One of the biggest go-to plot twists (and tropes) has been the “long-lost” sibling, parent, friend, etc. Your writing is going well, and then you stop and you wonder about what could spice things up, and all of a sudden you’re staring at the computer screen or notebook with wide eyes and your jaw dropped open, because having someone be introduced into their life that they should have known since the beginning is such a hard throw for anyone.

Some of these are easier than others depending on where you are in your story, and what kind of holes you’ve left open. Think about it before you jump though; what feels right for the character and their life? Another thing to consider is the execution of this. How are you going to introduce it, and does it help you do something else?

As an example: does the feel of the character having a long lost sibling make up for something else in their life and development, or do you feel like you should go back and write them as the youngest/oldest/middle of a group of children instead of alone?

Of course there’s another way to go about this as well: instead of a random interjection, make the person’s absence a conscious part of the hero’s life. The long lost brother who’s been missing or cut them out of his life for so long, who turns up unannounced one day.  Or the friend thought dead who gets spotted at a crime scene. Or, neither of them show up just yet; they lurk in the outskirts of the novel until you’re ready to bring them in, or you decide you didn’t want and or need them after all.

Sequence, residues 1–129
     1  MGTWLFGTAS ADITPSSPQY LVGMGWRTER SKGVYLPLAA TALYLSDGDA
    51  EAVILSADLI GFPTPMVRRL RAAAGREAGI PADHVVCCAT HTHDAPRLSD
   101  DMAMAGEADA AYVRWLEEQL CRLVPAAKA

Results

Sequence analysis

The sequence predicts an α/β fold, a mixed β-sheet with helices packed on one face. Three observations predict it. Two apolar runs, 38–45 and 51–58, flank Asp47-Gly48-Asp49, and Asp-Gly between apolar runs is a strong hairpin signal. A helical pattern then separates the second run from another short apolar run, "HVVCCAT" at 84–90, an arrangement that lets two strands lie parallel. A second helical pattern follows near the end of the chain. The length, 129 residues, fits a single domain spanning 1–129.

Some plot holes may support these newly thought characters, though, the ones who jump in at you at the last second and turn the story on its head. The ones who grin at you and wave and show you something that could work rather well.

Others may not work out at all.

The Long Lost ______ is an interesting dynamic, when you look at it: you’re putting someone in front of your hero who should have been in their life all along, thus throwing them for a loop and making them come up with countless questions. Confusion. Anger. Upset. Betrayal. In some cases, embarrassment.

It’s a quick way to spice things up, but it can also change the tone of the story, so be careful how you use it. Find what degree of focus you want to give it, or not give it, and run with it. The phrase is “the more the merrier” for a reason, right? 😉

-The Novice Wordsmith

Putting your Hero Through Their Paces

Also known as: Deliberately Doing Mean Things to your Hero.

One thing that got me when I was reading one of Friend’s stories, about one of his characters meeting him, was that the character asked, “Why are you doing this?”

His response was, “It makes a good story.”